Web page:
Names So Nice You Say Them Twice

May 24, 2011 Pamela Redmond

We credit Courtney Cox.  When she named her little girl Coco six years ago, she elevated that quirky Chanel nickname to a classic and made it appropriate for a modern child.

Certainly, there were notable double names before Coco Arquette, even before Chanel, from Zuzu of the petals in It’s A Wonderful Life to Mimi, heroine of the 19th century novel La Boheme.

But at no time have these names been more fashionable than they are today.  Whether given as full names or used as lighthearted nicknames for more serious appellations (my twin nieces Georgia and Louisa, for instance, call each other Gigi and Lulu), double names are worthy of consideration.

Among the possibilities:

Bebe or Bibi – Actress and dancer Bebe Neuwirth, who played Lilith on Cheers, is probably the best-known bearer of this name today, but there’s also author Bebe Moore Campbell, model Bebe Buell, and even (male) Nixon pal Bebe Rebozo.  In Neuwirth’s case, Bebe is a nickname for BeatriceBibi – born Berit – Andersson is a Swedish actress who starred in many Ingmar Bergman films.

Cece – Cece is suddenly a hot baby name thanks to Jim and Pam on The Office, whose fictional baby girl is named Cecelia and called Cece.  CeCe Winans, a gospel singer whose sister’s name is BeBe, is also named Cecilia.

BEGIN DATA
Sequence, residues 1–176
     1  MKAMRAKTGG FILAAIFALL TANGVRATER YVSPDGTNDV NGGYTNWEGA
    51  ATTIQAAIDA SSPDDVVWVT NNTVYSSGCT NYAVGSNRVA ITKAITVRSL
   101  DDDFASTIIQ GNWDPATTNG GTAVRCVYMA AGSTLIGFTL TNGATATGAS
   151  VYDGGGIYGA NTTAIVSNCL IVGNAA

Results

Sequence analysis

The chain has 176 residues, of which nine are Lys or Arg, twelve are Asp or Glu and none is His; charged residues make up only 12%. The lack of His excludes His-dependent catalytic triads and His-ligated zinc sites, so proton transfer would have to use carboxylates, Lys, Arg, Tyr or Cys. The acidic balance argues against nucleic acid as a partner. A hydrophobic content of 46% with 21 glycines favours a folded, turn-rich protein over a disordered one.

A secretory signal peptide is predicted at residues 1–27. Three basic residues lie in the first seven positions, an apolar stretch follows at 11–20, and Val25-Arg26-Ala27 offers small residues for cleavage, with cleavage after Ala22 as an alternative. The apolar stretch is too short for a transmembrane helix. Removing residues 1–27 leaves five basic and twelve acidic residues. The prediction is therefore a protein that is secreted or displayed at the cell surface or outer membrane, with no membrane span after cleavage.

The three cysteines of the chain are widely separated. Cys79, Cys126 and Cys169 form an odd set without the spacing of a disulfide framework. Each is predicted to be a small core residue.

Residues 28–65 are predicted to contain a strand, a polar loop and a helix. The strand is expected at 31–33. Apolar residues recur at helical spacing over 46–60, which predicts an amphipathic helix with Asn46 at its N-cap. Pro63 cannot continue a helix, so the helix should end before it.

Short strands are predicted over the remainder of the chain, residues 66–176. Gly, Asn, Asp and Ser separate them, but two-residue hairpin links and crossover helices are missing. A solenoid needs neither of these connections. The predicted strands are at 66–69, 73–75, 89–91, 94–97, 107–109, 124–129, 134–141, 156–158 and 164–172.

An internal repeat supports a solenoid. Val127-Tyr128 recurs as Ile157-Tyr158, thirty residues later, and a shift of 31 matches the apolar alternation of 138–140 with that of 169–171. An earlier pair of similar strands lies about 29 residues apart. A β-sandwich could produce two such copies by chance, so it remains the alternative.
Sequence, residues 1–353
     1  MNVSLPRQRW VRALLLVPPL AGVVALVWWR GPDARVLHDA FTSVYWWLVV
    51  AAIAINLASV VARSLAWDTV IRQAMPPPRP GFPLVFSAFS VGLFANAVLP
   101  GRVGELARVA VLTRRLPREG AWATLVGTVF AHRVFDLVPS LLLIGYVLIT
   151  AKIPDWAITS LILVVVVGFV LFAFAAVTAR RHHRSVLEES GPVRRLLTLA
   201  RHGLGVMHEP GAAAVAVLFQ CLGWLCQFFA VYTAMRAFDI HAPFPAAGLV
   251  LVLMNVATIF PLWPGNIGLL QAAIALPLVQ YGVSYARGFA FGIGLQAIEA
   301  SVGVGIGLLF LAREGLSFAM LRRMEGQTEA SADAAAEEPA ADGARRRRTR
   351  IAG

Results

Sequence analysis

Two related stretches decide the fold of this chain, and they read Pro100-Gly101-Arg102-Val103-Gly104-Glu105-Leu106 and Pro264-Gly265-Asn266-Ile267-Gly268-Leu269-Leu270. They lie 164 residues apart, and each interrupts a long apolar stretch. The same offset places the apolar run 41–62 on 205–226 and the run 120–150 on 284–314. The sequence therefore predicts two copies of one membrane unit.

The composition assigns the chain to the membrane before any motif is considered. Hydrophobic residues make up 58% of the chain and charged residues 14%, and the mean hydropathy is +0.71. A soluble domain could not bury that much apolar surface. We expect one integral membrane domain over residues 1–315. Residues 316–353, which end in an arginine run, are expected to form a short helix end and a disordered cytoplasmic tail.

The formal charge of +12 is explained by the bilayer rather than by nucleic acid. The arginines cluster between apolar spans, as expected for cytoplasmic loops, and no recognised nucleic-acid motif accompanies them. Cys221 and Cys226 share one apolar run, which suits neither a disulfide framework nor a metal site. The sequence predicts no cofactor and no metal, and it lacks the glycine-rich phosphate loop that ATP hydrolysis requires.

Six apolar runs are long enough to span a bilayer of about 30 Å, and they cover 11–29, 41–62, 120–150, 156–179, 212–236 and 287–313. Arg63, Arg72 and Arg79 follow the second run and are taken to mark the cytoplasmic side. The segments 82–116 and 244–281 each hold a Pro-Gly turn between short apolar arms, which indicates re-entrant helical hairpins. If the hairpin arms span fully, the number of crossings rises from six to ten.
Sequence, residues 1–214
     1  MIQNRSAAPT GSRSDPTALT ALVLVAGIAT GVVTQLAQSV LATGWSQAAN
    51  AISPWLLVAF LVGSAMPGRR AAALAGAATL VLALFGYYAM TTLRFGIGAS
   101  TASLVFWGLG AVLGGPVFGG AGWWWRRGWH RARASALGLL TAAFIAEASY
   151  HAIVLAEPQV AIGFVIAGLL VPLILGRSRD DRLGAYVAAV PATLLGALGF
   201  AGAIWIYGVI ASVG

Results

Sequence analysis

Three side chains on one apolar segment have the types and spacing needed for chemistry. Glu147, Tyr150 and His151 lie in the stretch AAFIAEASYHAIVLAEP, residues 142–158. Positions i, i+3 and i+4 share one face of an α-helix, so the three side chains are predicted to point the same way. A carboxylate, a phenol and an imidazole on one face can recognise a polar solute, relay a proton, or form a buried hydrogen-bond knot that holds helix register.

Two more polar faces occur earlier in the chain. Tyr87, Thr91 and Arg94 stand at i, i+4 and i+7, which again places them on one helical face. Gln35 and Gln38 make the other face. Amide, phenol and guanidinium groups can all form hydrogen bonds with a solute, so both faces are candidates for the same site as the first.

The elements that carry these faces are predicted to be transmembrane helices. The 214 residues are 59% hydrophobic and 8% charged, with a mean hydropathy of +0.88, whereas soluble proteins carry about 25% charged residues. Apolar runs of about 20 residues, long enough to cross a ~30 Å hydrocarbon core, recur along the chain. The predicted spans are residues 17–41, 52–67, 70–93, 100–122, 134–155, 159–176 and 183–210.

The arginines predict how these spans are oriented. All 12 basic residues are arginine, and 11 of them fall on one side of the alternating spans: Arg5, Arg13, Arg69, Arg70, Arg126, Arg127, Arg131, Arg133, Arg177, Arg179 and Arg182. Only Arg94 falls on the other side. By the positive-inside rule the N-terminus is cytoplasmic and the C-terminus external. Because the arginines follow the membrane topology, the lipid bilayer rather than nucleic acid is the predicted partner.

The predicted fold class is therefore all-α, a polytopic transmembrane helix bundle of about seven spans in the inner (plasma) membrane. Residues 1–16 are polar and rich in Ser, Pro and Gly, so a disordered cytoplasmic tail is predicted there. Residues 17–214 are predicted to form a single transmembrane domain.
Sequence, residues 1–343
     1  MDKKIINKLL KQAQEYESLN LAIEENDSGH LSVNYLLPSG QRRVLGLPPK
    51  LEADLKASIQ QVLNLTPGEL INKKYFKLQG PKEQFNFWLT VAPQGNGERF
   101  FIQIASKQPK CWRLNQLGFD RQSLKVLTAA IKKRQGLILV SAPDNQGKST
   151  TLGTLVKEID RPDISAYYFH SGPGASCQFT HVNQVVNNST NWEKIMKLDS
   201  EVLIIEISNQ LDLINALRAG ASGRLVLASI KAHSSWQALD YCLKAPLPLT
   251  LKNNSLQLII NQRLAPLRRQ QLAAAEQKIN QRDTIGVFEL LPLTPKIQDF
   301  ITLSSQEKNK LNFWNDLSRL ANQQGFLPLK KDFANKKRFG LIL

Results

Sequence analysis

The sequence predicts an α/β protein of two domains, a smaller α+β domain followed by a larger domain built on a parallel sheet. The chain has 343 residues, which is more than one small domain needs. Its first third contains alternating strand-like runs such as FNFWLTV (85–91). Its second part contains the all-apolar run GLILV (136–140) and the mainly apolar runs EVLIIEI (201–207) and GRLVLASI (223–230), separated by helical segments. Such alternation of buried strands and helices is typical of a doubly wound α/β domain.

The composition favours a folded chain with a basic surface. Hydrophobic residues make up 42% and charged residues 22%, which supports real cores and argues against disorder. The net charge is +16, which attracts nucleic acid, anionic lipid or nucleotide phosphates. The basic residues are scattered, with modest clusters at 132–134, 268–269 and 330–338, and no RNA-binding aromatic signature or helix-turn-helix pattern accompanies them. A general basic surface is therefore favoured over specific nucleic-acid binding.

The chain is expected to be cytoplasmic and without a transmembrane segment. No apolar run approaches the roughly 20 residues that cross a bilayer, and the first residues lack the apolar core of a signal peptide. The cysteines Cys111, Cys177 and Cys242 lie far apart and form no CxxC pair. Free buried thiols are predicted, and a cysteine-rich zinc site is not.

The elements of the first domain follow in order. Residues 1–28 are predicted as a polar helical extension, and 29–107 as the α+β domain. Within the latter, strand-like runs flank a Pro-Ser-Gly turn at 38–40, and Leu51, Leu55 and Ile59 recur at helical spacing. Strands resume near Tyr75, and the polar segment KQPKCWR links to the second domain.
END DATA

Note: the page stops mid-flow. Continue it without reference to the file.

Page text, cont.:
Coco Little Coco Arquette was so named in honor of the first two letters in mom Courtney Cox’s first and last names.  Canadian supermodel Coco Rocha was born Mikhaila, and fashion great Coco Chanel, who was born Gabrielle, has said her nickname is a shortened version of coquette.  There was also Coco the Clown, though that image is thankfully fading.

Dede or Didi – One of the midcentury double-name favorites, Dede/Didi could be short for anything from Denise to Diane to any more exotic D-starting name.  Pioneering female film editor Dede Allen was named Dorothea and actress Didi Conn is Edith.  It’s not unknown as a male nickname, but we don’t recommend it.

Dodo – The Dodo Bird pretty much killed the viability of this one, though in the classic novel Middlemarch, by George Eliot, heroine Dorothea is called Dodo by her sister.

FifiFifi may be the quintessential French poodle name – either that or a can-can dancer – but it’s seeing new light as a nickname for such fashionable proper names as Sophia, Fiona, and Josephine.

Gaga – There’s only one Lady Gaga, though we’ve said that before about names we thought would never go beyond their one-person originator and then, lo and behold, scores of little Chers and Arlos and Elvi.  Gaga’s real name is Stefanie Joanne Angelina; the name Lady Gaga sprang from a typo of the Queen song Radio Gaga.

GigiGigi was made famous by French writer Colette’s 1944 novella and later the film starring Leslie Caron.  Another poodle favorite, Gigi can be short for any of the feminizations of George or such names as Geraldine or Regina.

Jojo – While commonly used for boys as well as girls, Jojo is a bit too jokey of a name for a parent to actually aspire to.  Rather, an ordinary Joe or Josie, Joel or Joanna may morph into a Jojo as a pet name.  JoJo the Dog Faced Boy was an infamous 19th century circus freak.